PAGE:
As the clock wound down on Boston’s latest win, “If you’re happy and you know it” played over the TD Garden PA system. You know, the song that goes, “If you’re happy and you know it, and you really want to show it, if you’re happy and you know it, clap your hands.” The song normally just annoys me, partly because it’s a very annoying song but mostly because it’s a very annoying song that gets stuck in my head quite easily. As I type these words, the song’s racing through my head (damn it). If you’re happy and you know it, clap your hands.
I’m happy. The Celtics just held the Philadelphia 76ers to 32 second half points while getting contributions from everybody who played minutes (except maybe Glen Davis). Every player in Doc Rivers’ nine-man rotation finished with a positive plus/minus, the Celtics shot 52.6% from the field, and the bench started showing some signs of meshing. Nenad Krstic returned from injury, just a few days after I suspected he had played his final game as a Celtic. Rajon Rondo ran the offense like Rajon Rondo normally runs an offense. Paul Pierce continued his recent hot shooting, Jeff Green finally decided “Hmm, I’m 6’9—maybe I should grab a few rebounds!”, and Philadelphia founds easy looks as tough to come by as a rainbow in the desert. . . at least in the second half. And the best part of all? The Celtics look like they’re finally snapping out of their malaise. Excepting a short drought in the third quarter when Boston looked woefully disinterested, the Celtics’ offense looked alive.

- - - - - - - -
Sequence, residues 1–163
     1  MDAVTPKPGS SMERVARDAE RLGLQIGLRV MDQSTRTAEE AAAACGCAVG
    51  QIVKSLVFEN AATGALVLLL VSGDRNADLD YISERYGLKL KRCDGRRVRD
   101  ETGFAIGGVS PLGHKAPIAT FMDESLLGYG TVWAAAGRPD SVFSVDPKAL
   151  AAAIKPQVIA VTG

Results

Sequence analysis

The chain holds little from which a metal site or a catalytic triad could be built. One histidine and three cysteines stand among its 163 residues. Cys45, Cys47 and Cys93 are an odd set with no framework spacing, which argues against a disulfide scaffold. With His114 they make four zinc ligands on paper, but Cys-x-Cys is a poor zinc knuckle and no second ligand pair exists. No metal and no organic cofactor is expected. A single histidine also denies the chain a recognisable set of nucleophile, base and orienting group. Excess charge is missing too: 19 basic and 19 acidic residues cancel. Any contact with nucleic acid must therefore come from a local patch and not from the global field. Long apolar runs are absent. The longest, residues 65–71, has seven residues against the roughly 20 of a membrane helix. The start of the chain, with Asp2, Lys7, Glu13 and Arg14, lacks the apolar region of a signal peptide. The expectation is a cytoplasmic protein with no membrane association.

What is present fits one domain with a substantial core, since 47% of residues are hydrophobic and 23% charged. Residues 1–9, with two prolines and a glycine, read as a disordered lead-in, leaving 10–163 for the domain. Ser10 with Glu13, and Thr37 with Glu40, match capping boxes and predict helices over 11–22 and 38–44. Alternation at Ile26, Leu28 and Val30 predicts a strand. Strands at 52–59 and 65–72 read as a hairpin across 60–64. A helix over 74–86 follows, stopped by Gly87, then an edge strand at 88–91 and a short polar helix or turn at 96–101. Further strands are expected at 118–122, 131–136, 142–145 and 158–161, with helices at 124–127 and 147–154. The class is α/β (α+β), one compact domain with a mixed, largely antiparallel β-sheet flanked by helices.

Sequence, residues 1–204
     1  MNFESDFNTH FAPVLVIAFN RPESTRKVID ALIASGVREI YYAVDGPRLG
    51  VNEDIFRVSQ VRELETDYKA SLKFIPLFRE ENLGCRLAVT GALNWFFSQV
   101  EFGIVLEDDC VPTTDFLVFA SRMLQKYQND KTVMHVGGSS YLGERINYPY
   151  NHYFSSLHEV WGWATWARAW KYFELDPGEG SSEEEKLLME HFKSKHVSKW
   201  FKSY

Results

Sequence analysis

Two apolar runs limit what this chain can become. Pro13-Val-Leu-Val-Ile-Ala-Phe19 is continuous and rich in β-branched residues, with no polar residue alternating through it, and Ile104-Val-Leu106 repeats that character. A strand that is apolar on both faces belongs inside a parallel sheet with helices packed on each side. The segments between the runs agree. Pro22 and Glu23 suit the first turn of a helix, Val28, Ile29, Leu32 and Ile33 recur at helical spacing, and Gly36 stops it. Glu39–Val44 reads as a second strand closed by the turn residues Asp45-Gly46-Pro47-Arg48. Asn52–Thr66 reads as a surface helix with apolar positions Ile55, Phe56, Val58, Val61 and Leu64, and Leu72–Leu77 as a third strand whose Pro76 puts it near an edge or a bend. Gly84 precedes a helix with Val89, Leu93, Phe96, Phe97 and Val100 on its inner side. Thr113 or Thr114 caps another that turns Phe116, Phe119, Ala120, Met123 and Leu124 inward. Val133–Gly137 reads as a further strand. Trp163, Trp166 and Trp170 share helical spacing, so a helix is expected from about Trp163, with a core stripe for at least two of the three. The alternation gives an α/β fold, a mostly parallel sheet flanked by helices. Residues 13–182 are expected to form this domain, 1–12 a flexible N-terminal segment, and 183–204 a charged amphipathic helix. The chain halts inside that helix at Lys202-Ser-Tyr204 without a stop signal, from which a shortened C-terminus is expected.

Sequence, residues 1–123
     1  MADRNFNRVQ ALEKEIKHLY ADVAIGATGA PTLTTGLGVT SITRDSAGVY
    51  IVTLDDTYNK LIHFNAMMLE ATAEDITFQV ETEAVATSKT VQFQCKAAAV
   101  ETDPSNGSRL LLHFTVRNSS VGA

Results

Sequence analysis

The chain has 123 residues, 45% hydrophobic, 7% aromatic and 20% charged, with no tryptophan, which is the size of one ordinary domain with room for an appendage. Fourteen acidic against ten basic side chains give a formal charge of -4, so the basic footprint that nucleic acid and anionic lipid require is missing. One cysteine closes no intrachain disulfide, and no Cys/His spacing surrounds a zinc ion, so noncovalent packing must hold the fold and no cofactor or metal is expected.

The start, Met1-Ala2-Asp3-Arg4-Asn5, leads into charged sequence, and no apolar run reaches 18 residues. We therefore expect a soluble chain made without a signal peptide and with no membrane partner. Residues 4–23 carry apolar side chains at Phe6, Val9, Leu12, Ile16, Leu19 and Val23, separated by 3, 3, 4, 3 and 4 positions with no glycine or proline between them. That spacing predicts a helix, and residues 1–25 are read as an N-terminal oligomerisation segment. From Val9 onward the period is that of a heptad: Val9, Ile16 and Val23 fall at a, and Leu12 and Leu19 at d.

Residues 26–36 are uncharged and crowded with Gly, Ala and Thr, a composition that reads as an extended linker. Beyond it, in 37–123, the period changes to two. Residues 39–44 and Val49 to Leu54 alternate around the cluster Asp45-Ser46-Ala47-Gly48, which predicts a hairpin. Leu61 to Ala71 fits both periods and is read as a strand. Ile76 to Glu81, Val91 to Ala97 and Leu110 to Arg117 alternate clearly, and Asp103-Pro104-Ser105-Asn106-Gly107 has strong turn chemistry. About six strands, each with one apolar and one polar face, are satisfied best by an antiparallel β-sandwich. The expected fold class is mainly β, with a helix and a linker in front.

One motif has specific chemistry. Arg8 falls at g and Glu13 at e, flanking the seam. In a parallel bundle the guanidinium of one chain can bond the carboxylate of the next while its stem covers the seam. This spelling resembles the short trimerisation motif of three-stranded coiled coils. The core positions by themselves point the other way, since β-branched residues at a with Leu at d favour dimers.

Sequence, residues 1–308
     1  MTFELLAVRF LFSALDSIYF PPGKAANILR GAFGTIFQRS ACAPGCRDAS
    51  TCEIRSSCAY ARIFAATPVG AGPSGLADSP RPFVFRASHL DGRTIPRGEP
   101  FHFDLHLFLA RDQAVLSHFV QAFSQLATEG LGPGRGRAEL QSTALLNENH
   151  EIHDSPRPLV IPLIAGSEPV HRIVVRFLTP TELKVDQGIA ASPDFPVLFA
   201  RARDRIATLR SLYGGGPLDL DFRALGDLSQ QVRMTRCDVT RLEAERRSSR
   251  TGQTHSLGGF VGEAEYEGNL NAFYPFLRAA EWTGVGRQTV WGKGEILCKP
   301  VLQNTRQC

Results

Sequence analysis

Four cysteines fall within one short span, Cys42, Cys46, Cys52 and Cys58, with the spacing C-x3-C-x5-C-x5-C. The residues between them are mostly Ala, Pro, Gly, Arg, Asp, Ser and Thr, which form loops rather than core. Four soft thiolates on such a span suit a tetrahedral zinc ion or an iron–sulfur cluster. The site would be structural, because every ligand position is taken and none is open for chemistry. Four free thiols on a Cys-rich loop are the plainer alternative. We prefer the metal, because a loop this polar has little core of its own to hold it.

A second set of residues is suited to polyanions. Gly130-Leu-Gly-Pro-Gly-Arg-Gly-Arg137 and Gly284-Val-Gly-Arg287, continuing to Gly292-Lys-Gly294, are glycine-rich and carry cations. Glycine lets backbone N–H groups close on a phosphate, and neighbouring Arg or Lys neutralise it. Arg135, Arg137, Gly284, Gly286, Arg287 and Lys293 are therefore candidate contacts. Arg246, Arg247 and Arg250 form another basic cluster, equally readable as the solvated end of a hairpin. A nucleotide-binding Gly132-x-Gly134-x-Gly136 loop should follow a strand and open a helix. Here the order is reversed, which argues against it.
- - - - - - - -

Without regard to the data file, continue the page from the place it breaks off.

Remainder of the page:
And I know it. Jermaine O’Neal did some good things. Actually, he’s been quietly doing some good things since rejoining the Celtics, only I’ve been afraid to mention it too forcefully because I don’t want to jinx anything. I feel like the first time I praise Jermaine, his body will start falling apart, like when you pull one too many wooden blocks out of a Jenga game. But tonight was the final straw. I no longer have a choice. (Crosses fingers, knocks on wood.) Jermaine O’Neal has been good.
And I really want to show it. Nothing Jermaine did was spectacular. He finished a bunch of layups, contested a few shots, hedged a few ball screens, drew a foul on Spencer Hawes while shooting a fadeaway jumper, yada yada yada. But the point is: he’s learning how to play with his star teammates. He got those layups because he moved without the ball to find open spaces. He contested a few shots no other Boston centers would. He can extend to the perimeter to limit point guards coming off screens, or he can bang down low with the big men. I know, I know. It was only Spencer Hawes. Still, he made Hawes’ life miserable. Best of all, in the words of my little brother, “He looks like he’s in way better shape than he was at the beginning of the year.” The next trick he needs to learn? How to play more than 12:32, although I understand his minutes were limited in part because the game evolved into a blowout.
Clap my hands. With Jermaine starting and Krstic coming off the bench, Boston’s big man rotation looked (almost) whole for the first time in, what, months? Krstic’s offense fit well with the second unit, and Jermaine’s defense and suddenly-opportunistic offense aided the first unit. Having two healthy (or at least healthy-ish) centers allowed Glen Davis to play mostly his natural power forward position. Even though he didn’t play well, that change should help him succeed in the future, at least once he stops bricking jumpers and starts committing himself on the glass. I’m sorry. I really didn’t even mean to take a shot at Davis there; how could I degrade his play after the alley oop he threw to Jeff Green?
So much went well tonight, and so little went wrong. I’d still like the Celtics to find Ray Allen some more shots. I’d still like a better rebounding effort. I’d still like to see Evan Turner stopped every once in a while. I’m picking nits, I know, but I’d also like a few less turnovers. Still, today was a good day for the Celtics, especially against a Philadelphia team that has been playing good ball and could be a playoff opponent.
Now, I just need to get this damned song out of my head.